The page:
Merida, 30th October 2013 (Venezuelanalysis.com) – “If you want to get rid of me, collect the signatures and we’ll see you in 2016,” said Presdient Nicolas Maduro Tuesday in a statement directed at the opposition.
Maduro was referring to Venezuela’s constitutionally guaranteed right to recall elected officials. Article 72 of the constitution states that, “All magistrates and other offices filled by popular vote are subject to revocation. Once half of the term of office to which an official has been elected has elapsed, a number of voters constituting at least 20% of the voters registered in the pertinent circumscription may extend a petition for the calling of a referendum to revoke such official's mandate.”
Should a majority vote to recall the person, with at least as many voting in favour of the recall as originally voted in favour of the person, and with at least 25% of registered voters participating in the recall election, the person will be removed their position. Only one such petition for recall may be filed per term.
Maduro accused the opposition of wanting to “destabilise the country after the 8 December municipal elections”. He said their mayoral campaigns were based around the idea of “elect me to bring down Maduro” and accused the opposition of planning not to recognise the election results. He argued that the “constitutional method” to get rid of a president is through a recall referendum.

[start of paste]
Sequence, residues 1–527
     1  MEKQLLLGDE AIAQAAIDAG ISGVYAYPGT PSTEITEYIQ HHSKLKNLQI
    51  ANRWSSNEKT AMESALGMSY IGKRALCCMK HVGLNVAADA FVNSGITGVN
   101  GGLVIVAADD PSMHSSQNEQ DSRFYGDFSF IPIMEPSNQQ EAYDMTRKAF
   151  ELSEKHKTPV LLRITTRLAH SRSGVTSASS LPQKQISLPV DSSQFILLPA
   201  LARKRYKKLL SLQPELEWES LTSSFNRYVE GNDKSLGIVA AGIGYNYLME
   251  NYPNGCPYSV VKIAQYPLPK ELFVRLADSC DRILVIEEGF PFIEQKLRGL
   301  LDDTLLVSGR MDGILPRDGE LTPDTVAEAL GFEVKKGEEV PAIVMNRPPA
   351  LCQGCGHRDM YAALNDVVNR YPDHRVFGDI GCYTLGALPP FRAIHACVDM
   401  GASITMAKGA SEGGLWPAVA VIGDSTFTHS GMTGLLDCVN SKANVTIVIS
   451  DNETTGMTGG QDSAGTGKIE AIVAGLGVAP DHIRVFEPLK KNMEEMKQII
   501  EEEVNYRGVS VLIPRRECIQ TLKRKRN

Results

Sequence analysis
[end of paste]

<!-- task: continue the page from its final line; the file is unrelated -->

Maduro was speaking at a large general meeting of pro-government mayoral candidates in Caracas. He predicted a “good victory” in the municipal elections.
Jesus Armas, an opposition councillor candidate in Caracas, said the local elections have a “national tinge” because Venezuelans will “go to vote against inflation, scarcity, and the people with connections. Our people know that the municipal elections will be a national plebiscite”.
Further, yesterday Miranda governor and opposition leader Henrique Capriles said that 8 December “is a big opportunity to convert the day into a day of national protest with the vote. We have to punish them”.
In 2004 the opposition collected 2,451,821 valid signatures, just over the 2,436,083 required at the time, to hold a recall referendum against then President Hugo Chavez. 59.1% of voters voted ‘no’ to recalling Chavez on 15 August 2004, with a 30.1% abstention rate.